Body Size Evolution (body + size_evolution)

Distribution by Scientific Domains


Selected Abstracts


Body size evolution in Mesozoic birds: little evidence for Cope's rule

JOURNAL OF EVOLUTIONARY BIOLOGY, Issue 6 2008
R. J. BUTLER
Abstract Cope's rule, the tendency towards evolutionary increases in body size, is a long-standing macroevolutionary generalization that has the potential to provide insights into directionality in evolution; however, both the definition and identification of Cope's rule are controversial and problematic. A recent study [J. Evol. Biol. 21 (2008) 618] examined body size evolution in Mesozoic birds, and claimed to have identified evidence of Cope's rule occurring as a result of among-lineage species sorting. We here reassess the results of this study, and additionally carry out novel analyses testing for within-lineage patterns in body size evolution in Mesozoic birds. We demonstrate that the nonphylogenetic methods used by this previous study cannot distinguish between among- and within-lineage processes, and that statistical support for their results and conclusions is extremely weak. Our ancestor,descendant within-lineage analyses explicitly incorporate recent phylogenetic hypotheses and find little compelling evidence for Cope's rule. Cope's rule is not supported in Mesozoic birds by the available data, and body size evolution currently provides no insights into avian survivorship through the Cretaceous,Paleogene mass extinction. [source]


A STATISTICAL TEST OF UNBIASED EVOLUTION OF BODY SIZE IN BIRDS

EVOLUTION, Issue 12 2002
Folmer Bokma
Abstract., Of the approximately 9500 bird species, the vast majority is small-bodied. That is a general feature of evolutionary lineages, also observed for instance in mammals and plants. The avian interspecific body size distribution is right-skewed even on a logarithmic scale. That has previously been interpreted as evidence that body size evolution has been biased. However, a procedure to test for unbiased evolution from the shape of body size distributions was lacking. In the present paper unbiased body size evolution is defined precisely, and a statistical test is developed based on Monte Carlo simulation of unbiased evolution. Application of the test to birds suggests that it is highly unlikely that avian body size evolution has been unbiased as defined. Several possible explanations for this result are discussed. A plausible explanation is that the general model of unbiased evolution assumes that population size and generation time do not affect the evolutionary variability of body size; that is, that micro- and macroevolution are decoupled, which theory suggests is not likely to be the case. [source]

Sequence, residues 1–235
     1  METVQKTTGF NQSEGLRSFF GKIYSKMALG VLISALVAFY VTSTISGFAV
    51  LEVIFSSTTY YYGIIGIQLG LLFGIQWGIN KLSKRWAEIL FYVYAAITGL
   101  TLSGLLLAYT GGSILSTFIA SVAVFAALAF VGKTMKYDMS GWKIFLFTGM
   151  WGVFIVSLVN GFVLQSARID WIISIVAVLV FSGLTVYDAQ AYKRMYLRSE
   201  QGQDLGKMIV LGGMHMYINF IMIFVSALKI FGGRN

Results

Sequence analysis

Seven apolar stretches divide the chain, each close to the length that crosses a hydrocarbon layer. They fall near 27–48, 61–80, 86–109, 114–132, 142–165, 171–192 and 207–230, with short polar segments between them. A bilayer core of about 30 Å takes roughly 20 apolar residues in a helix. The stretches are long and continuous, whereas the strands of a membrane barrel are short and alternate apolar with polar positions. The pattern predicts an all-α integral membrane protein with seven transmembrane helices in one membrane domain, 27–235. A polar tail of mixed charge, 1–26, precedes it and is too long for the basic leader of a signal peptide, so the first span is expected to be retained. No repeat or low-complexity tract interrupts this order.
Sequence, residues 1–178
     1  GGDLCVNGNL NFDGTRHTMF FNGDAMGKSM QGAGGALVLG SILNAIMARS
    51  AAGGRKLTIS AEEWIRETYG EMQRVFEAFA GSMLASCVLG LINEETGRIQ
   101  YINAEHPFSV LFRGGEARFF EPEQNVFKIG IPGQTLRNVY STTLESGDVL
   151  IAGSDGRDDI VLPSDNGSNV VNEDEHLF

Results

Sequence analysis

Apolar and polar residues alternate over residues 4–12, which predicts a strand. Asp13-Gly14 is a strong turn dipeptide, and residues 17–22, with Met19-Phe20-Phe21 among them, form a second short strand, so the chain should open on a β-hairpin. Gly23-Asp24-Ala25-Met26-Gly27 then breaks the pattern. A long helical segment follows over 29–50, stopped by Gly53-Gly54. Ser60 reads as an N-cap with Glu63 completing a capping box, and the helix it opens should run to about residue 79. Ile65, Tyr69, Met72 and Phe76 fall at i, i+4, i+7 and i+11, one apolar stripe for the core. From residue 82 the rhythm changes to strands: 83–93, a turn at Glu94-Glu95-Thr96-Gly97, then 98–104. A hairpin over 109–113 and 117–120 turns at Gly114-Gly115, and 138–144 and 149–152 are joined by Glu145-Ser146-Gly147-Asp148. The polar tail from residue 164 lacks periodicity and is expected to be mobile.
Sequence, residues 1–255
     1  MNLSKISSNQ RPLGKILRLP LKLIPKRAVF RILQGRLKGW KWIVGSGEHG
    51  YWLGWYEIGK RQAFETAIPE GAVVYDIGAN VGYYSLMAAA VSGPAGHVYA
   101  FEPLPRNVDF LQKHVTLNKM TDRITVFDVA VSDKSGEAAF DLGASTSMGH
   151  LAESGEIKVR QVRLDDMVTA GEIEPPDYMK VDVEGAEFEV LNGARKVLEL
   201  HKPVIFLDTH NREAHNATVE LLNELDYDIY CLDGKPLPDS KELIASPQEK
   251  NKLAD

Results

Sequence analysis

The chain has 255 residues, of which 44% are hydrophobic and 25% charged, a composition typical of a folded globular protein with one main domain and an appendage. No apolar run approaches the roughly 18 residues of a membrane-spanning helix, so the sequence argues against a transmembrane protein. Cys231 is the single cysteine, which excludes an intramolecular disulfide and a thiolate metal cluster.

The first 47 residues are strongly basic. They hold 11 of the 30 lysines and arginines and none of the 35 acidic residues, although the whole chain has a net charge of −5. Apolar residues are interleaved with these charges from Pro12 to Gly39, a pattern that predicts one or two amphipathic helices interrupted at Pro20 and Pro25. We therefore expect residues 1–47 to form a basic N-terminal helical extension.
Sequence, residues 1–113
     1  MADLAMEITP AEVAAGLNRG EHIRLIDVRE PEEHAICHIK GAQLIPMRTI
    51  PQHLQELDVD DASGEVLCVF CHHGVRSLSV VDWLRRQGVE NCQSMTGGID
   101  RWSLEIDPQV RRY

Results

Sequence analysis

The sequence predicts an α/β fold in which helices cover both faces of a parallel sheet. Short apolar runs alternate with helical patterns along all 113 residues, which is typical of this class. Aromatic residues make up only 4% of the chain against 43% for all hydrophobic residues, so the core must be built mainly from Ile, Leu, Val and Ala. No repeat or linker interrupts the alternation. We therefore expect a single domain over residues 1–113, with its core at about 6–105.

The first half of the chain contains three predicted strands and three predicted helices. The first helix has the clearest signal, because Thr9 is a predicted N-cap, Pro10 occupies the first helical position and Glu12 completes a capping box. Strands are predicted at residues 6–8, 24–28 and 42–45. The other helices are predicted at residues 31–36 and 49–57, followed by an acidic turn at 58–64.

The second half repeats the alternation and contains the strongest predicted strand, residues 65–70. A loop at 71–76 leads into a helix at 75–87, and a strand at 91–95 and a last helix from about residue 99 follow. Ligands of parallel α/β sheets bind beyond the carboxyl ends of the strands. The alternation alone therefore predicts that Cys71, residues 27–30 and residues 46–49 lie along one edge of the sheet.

Insight into diversity, body size and morphological evolution from the largest Early Cretaceous enantiornithine bird

JOURNAL OF ANATOMY, Issue 5 2008
Zhonghe Zhou
Abstract Most of Mesozoic bird diversity comprises species that are part of one of two major lineages, namely Ornithurae, including living birds, and Enantiornithes, a major radiation traditionally referred to as ,opposite birds'. Here we report the largest Early Cretaceous enantiornithine bird from north-east China, which provides evidence that basal members of Enantiornithes share more morphologies with ornithurine birds than previously recognized. Morphological evolution in these two groups has been thought to be largely parallel, with derived members of Enantiornithes convergent on the ,advanced' flight capabilities of ornithurine birds. The presence of an array of morphologies previously thought to be derived within ornithurine and enantiornithine birds in a basal enantiornithine species provides evidence of the complex character evolution in these two major lineages. The cranial morphology of the new specimen is among the best preserved for Mesozoic avians. The new species extends the size range known for Early Cretaceous Enantiornithes significantly and provides evidence of forelimb to hind limb proportions distinct from all other known members of the clade. As such, it sheds new light on avian body size evolution and diversity, and allows a re-evaluation of a previously proposed hypothesis of competitive exclusion among Early Cretaceous avian clades. [source]


Body size evolution in Mesozoic birds: little evidence for Cope's rule

JOURNAL OF EVOLUTIONARY BIOLOGY, Issue 6 2008